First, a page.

### rgnerdplayer's blog

By rgnerdplayer, 8 months ago,

For data structures such as persistent segment tree or treaps, is it OK if I submit a solution that DOESN'T delete the pointers I used? Also, is there any method more convenient than recursively delete all the trees at the end of my program?

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 » 8 months ago, # |   +87 As a competative programmer who basically never uses C++, I'm not really qualified to respond, but according to my friend 1-gon deleting pointers is a waste of runtime; it will be cleaned up when the program ends anyway.It's a lot like when you were little and you played with all of your toys in the living room and just left them on the floor when you went to sleep instead of putting them away. Somehow they magically get put away overnight. (Oddly enough when I no longer lived in the same house as my mother, this behavior seemed to have stopped, but I think it's just a bug in the current runtime that should hopefully be patched in the next version)
•  » » 8 months ago, # ^ |   +16 Not really true if you are working with very limited memory. There are some problems, especially with more test cases per file, where you have to delete pointers. A good alternative, and faster by about two times, is using large arrays and having "custom" pointers. This is faster and uses less memory as an integer occupies 4 bytes and a pointer 8.
•  » » 8 months ago, # ^ |   0 SecondThread I thought not deleting pointers would lead to memory leakage? Didn't know programs would automatically clean them up.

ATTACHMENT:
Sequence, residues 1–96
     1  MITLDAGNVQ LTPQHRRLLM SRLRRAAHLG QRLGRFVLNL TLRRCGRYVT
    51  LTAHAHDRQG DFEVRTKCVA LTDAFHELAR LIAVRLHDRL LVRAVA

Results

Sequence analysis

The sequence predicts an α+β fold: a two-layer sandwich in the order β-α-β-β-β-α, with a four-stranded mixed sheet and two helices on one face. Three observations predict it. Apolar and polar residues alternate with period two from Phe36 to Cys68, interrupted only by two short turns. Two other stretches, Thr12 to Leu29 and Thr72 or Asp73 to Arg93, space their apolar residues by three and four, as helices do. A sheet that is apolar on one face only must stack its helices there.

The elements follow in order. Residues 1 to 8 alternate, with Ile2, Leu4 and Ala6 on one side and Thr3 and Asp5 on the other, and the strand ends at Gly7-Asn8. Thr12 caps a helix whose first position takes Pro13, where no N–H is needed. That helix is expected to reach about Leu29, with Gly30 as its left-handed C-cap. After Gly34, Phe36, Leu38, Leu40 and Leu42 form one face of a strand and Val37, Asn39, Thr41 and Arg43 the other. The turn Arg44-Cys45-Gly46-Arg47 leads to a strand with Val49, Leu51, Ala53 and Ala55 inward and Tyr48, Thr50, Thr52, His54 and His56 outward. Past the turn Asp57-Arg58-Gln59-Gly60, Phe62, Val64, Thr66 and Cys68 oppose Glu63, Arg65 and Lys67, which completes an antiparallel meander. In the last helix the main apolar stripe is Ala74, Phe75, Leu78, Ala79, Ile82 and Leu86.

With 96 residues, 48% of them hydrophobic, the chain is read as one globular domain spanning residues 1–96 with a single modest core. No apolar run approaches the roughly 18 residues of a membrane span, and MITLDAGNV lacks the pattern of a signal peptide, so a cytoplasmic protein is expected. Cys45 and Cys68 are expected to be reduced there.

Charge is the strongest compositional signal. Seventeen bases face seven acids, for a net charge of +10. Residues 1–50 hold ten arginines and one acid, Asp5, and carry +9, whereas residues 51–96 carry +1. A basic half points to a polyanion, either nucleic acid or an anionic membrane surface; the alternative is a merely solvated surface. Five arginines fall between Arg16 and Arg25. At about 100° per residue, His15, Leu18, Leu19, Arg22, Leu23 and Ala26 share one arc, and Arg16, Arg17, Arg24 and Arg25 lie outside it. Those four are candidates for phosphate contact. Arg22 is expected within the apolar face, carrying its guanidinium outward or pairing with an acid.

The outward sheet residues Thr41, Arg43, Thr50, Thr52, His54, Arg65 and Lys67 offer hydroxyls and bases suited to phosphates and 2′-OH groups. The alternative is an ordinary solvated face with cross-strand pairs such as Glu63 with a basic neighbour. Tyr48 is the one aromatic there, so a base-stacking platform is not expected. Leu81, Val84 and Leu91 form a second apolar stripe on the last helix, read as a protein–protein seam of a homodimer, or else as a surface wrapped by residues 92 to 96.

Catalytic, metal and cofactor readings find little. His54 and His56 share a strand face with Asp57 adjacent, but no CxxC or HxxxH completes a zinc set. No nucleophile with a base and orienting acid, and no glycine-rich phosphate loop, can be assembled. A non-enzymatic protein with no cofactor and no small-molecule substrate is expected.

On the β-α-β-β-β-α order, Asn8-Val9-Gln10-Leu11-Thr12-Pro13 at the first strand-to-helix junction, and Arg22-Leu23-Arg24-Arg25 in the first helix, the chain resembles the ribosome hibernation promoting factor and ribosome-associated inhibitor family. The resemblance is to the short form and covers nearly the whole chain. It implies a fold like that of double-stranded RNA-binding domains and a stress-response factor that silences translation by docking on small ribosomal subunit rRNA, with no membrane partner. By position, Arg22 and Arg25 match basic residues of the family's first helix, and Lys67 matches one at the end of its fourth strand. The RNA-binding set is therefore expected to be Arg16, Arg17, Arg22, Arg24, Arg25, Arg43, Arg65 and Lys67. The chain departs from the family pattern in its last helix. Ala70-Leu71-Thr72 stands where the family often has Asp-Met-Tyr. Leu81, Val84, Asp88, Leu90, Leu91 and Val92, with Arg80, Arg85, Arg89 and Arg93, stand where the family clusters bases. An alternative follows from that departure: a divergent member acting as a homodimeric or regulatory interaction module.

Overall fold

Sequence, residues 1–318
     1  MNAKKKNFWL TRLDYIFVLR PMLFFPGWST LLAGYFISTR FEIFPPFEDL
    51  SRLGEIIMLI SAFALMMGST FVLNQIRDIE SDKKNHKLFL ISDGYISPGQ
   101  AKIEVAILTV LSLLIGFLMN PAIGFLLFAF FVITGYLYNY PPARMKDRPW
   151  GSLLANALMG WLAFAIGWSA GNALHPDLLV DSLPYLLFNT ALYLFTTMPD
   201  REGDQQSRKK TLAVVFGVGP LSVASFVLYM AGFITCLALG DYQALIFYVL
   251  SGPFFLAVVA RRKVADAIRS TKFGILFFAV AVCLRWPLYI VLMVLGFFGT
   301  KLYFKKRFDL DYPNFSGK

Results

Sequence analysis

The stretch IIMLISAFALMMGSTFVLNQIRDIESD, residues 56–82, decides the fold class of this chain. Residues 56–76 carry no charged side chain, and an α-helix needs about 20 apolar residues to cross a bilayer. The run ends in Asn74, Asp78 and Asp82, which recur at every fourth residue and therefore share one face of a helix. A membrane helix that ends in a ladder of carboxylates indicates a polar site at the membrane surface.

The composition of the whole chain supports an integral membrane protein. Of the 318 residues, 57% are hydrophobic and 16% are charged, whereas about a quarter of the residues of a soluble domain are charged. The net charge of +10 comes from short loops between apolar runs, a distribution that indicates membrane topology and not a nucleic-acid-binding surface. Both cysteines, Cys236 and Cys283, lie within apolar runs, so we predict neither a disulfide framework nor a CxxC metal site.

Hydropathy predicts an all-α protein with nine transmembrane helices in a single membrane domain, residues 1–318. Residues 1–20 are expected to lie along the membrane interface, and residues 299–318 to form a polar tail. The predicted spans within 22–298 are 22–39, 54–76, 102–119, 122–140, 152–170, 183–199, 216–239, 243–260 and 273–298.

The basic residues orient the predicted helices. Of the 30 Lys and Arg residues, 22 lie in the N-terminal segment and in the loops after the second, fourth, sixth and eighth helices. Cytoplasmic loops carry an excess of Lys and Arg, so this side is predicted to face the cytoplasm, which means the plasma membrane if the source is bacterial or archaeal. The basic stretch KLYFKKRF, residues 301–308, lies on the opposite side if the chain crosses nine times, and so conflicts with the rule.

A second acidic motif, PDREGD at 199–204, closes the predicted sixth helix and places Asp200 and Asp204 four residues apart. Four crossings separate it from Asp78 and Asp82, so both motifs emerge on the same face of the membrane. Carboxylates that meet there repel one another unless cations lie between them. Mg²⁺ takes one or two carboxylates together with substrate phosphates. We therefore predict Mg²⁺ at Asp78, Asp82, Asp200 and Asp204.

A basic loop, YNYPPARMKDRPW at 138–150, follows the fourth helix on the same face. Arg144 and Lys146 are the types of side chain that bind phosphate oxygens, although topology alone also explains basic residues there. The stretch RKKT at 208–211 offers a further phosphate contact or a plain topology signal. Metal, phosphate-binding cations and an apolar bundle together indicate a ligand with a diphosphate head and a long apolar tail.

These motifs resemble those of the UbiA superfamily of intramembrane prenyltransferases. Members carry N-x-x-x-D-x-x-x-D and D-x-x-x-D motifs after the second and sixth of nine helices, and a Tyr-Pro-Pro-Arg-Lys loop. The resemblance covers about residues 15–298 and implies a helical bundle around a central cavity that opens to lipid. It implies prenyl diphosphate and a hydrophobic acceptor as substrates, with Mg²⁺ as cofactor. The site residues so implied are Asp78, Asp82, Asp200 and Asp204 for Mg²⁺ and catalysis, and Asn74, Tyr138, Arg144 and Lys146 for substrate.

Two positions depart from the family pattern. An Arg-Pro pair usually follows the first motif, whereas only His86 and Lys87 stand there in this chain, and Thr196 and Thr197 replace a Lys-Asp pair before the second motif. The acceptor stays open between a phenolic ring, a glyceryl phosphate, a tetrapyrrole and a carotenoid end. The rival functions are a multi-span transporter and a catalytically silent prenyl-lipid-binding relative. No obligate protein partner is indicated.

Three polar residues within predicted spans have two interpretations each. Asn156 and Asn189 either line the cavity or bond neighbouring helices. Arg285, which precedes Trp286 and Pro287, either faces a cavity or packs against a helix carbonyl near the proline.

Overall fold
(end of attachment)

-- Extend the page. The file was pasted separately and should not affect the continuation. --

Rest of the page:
•  » » » 8 months ago, # ^ |   +10 I thought not deleting pointers would lead to memory leakage? It does. It just doesn't usually matter in CP — your code runs only for a short time and often if you use a lot of memory, you will run out of time before you run out of memory. Didn't know programs would automatically clean them up. They do, just not when programming in C++.
 » 8 months ago, # |   0 A nice way to use pointers without worrying about freeing memory is to just pre-allocate a large global pool of memory beforehand, and allocate memory from that pool.This allocator from kactl is a good example of an allocator that does precisely this (to use it, just put this before any code you write, and any instance of new in your code should use this allocator instead, and you never need to call delete). Note that STL containers still allocate memory from the heap (to fix this, there is an STL version of the allocator in the same repo). It also tends to be much faster than the usual new or malloc for most CP-related usecases (credits to people in the AC Discord server who told me how to actually this allocator).
•  » » 8 months ago, # ^ |   0 Sorry to ask, do you have a submission where this allocator is actually used? Somehow I couldn't make it work.